1-4 of 4 Results  for:

  • Social Worker x
  • Society and Social Change x
  • Results with images only x
Clear all

Article

Haynes, George Edmund  

Edgar Allan Toppin

sociologist and social worker, was born in Pine Bluff, Arkansas, the son of Louis Haynes, an occasional laborer, and Mattie Sloan, a domestic servant. He was raised by devout, hardworking, but poorly educated parents. His mother stressed that education and good character were paths to improvement. She moved with Haynes and his sister to Hot Springs, a city with better educational opportunities than Pine Bluff. Haynes attended Fisk University, completing his BA in 1903. His record at Fisk enabled him to go to Yale University, where he earned an MA in Sociology in 1904. He also won a scholarship to Yale's Divinity School but withdrew early in 1905 to help fund his sister's schooling.

In 1905 Haynes became secretary of the Colored Men's Department of the International (segregated) YMCA, traveling to African American colleges throughout the nation from 1905 to 1908 During this period ...

Article

Joseph, Helen  

Susanne M. Klausen

teacher, social worker, and antiapartheid activist in South Africa, was born Helen Beatrice May Fennell in Sussex, England, on 8 April 1905. She grew up in London and graduated with a degree in English from King’s College, the University of London, in 1927. She taught at the Mahbubia School for girls in Hyderabad, India, from 1927 to 1930. After a serious horse-riding accident, she resigned and moved to South Africa in 1931 to take up a less demanding post at a school in Durban. Between 1942 and 1946 she worked full time as a Welfare and Information Officer in the South African Air Force, and during this period she learned a great deal about black South Africans’ extensive poverty. Consequently, after World War II, she trained as a social worker.

In 1951 Joseph became secretary of the Medical Aid Society of the Transvaal Clothing Industry In ...

Article

Sweatt, Heman Marion  

John R. Howard

civil rights plaintiff and social worker, was born in Houston, Texas, to James Leonard Sweatt and Ella Rose (Perry) Sweatt, whose occupations are unknown. Sixteen years before Heman's birth the United States Supreme Court had held in Plessy v. Ferguson that state-imposed racial segregation did not offend the Equal Protection clause of the Fourteenth Amendment, and hence the Texas in which Sweatt grew up was rigidly segregated. He attended the all-black Jack Yates High School, graduating in 1930, and went from there to the all-black Wiley College in Marshall, Texas, graduating in 1934.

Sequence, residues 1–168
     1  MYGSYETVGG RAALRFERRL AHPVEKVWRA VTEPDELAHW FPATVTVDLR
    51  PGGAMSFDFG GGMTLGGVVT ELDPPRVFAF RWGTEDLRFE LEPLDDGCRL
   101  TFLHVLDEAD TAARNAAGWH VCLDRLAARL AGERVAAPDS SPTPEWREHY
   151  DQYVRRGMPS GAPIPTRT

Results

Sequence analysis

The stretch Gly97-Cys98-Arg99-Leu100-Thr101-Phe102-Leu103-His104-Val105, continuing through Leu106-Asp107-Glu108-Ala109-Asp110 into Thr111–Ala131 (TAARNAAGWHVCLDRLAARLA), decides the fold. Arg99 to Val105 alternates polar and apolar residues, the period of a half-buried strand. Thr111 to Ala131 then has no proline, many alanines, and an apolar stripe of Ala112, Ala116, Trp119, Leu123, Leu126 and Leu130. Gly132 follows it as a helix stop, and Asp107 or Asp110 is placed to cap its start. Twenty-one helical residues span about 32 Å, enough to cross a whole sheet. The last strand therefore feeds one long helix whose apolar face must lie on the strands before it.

The decade following his graduation from college saw Sweatt trying to find himself. He taught in a public school for a couple of years and then in 1937 entered the University of Michigan matriculating in biology in hopes of attending medical school He left after a year returned to Houston took a ...

Article

Young, Whitney Moore, Jr  

Ralph E. Luker

social worker and civil rights activist, was born in Lincoln Ridge, Kentucky, the son of Whitney Moore Young Sr., president of Lincoln Institute, a private African American college, and Laura Ray, a schoolteacher. Raised within the community of the private academy and its biracial faculty, Whitney Young Jr. and his two sisters were sheltered from harsh confrontations with racial discrimination in their early lives, but they attended segregated public elementary schools for African American children and completed high school at Lincoln Institute. In 1937 Young, planning to become a doctor, entered Kentucky State Industrial College at Frankfort, where he received a BS in 1941. After graduation he became an assistant principal and athletic coach at Julius Rosenwald High School in Madison, Kentucky.

After joining the U.S. Army in 1942, Young studied engineering at the Massachusetts Institute of Technology (MIT). In 1944 he married Margaret Buckner ...